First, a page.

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Ohio just legalized medical marijuana, but questions still remain as law takes effect

Medical cannabis

(NaturalNews) Ohio has become the 25th state to legalize cannabis for medicinal purposes. Provided with this new choice for treatment, people with PTSD, AIDS, Alzheimer's, debilitating pain and cancer should be able to access cannabis immediately; however, questions still remain about how patients will legally obtain this herb and its medicinal parts.

Dispensaries take time to set up, and may not be welcome in some communities. Medical professionals may be averse to the plant and misunderstand how it should be used and prescribed. As great as these medical cannabis laws are, they still cannot undo decades of brainwashing that has cast members of all facets of society against one another. The misunderstanding and misinformation still exist.

Ohio cannabis law leaves production, prescription and distribution in the dark

The Ohio law is incomplete, because it doesn't outline a clear path to help doctors, patients, pharmacists and law enforcement officers understand how medical cannabis is going to be managed, prepared and dispensed. The rules for medical cannabis production, prescription and distribution weren't even outlined in the law. The law won't be even partially functional until September 2018, when rules for distribution and regulation are established. In the meantime, patients may seek out substandard cannabis products that aren't scientifically validated.

The Ohio state Medical Board has not established any clear guidelines on how doctors should recommend cannabis to patients. Reginald Fields, speaking for the Ohio State Medical Association, said: "There's a little confusion out there, so we're essentially asking physicians to stand by until some of these issues are clarified and we can assure they're acting on the right side of the law." Employers may still enact zero tolerance policies against cannabis even though employees are legally allowed to use cannabis oil, edibles, patches or a vapor form.

Cannabis freedom strongly needed at the federal level

With each state crafting its own rules on how cannabis can be used it is inevitable that these rules will conflict with one another and interfere with patients' rights to access treatment. A soldier experiencing PTSD in one state may have to travel across state lines to be prescribed cannabis for his condition. A doctor in one state may not be allowed to prescribe cannabis oil for cancer patients, and therefore would have to turn away a patient that could have been significantly helped.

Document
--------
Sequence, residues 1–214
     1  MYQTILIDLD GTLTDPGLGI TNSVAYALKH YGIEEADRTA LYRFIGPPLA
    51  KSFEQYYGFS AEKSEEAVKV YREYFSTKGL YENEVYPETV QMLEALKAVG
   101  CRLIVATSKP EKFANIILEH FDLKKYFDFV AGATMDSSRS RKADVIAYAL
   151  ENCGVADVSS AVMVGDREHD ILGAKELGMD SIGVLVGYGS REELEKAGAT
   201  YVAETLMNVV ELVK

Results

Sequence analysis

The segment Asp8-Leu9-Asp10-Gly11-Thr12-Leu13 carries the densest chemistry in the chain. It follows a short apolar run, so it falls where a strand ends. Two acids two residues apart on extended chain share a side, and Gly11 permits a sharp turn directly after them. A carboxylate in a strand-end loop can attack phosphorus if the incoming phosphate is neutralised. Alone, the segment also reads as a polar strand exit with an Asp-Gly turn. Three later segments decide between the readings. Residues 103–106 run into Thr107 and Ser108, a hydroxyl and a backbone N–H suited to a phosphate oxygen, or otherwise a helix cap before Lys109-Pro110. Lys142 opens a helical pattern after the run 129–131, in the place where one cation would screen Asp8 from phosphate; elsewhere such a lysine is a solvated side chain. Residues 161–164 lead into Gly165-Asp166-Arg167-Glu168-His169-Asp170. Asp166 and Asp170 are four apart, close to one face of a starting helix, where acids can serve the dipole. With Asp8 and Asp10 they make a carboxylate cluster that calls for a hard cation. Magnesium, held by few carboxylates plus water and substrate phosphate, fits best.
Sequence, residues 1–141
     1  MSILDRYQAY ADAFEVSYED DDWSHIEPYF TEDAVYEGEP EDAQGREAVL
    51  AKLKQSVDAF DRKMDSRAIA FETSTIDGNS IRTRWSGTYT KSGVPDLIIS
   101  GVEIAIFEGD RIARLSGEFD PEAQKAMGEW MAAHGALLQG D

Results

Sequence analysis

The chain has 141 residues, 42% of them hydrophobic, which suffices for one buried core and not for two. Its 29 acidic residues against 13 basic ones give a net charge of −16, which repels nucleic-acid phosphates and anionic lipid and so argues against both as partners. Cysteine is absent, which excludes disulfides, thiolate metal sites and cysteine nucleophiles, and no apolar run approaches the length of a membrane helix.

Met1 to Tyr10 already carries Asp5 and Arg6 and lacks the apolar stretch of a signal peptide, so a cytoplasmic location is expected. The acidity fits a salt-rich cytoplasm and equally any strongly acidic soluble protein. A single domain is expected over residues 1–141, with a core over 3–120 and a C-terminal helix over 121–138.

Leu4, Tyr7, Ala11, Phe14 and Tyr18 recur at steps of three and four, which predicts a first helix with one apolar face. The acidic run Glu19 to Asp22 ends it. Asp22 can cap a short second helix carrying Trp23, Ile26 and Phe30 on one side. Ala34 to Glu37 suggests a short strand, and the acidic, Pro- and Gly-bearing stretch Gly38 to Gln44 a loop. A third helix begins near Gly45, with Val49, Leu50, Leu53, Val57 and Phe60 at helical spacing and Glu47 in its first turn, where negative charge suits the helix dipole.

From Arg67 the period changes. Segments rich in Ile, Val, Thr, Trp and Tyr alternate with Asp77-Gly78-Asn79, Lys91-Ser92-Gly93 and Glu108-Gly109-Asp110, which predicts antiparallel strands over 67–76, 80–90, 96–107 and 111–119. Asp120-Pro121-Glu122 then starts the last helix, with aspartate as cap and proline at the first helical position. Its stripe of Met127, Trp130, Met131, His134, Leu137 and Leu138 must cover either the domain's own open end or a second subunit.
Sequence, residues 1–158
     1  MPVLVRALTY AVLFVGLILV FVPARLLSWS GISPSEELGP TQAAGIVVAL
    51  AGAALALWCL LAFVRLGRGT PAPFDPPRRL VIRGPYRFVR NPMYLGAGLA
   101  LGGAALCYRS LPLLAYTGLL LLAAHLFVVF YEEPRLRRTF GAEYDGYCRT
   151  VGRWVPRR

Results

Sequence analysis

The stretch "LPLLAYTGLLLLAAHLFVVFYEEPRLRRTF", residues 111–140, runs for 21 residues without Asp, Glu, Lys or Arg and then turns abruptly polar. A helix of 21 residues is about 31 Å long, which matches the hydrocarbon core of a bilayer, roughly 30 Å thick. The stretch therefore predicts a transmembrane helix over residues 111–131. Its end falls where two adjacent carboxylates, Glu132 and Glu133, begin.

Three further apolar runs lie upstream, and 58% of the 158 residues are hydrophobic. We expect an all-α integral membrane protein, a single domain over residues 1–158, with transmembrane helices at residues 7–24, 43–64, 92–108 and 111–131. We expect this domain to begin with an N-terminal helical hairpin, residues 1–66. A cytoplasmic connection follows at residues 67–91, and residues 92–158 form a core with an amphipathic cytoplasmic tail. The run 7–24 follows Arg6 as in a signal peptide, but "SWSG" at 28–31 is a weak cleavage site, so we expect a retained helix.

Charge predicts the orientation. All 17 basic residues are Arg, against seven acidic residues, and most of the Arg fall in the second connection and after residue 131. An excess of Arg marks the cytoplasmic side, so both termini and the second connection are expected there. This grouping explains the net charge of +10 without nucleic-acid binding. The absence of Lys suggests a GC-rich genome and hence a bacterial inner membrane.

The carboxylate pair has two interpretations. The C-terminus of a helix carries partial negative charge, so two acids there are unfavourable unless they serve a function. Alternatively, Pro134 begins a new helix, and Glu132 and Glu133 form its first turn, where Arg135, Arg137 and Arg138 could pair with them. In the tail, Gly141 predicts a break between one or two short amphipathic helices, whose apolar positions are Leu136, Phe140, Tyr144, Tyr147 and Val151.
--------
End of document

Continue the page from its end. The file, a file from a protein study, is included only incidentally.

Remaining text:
On top of these conflicting rules, the federal government has its own power to break down doors to harass and intimidate people who use cannabis. Even though cannabis may be legal in one state, this won't stop the DEA from setting their own rules and destroying people's lives. Federal laws also prohibit banks from accepting cash from cannabis-related businesses, whether the business is legal in a state or not. Patients that can legally use cannabis are also not allowed to move freely through airports. The Controlled Substances Act, the Bank Secrecy Act, the Patriot Act and RICO are all making it difficult for people to utilize medical cannabis.

These are all reasons why it's so important for cannabis freedom to be enacted at the federal level. The DEA's war on cannabis could be put to an end. Freedom would mean that the many cannabis researchers and growers could breed and formulate the best scientifically validated cannabis products, while distributing them without fear to any patient seeking help. It would also mean that there would no longer be a war restricting people from this plant's healing virtues. The best cannabis would become available to anyone seeking help.

If this war were to end completely, all states could openly accept cannabis and other herbs with healing properties. Freedom would end the black market and bring transparency to natural medicine. Perhaps medicine could be returned to its foundation, as herbalists and scientists selectively breed, isolate and combine the components and properties of plants and trees that correspond and resonate with the human body.

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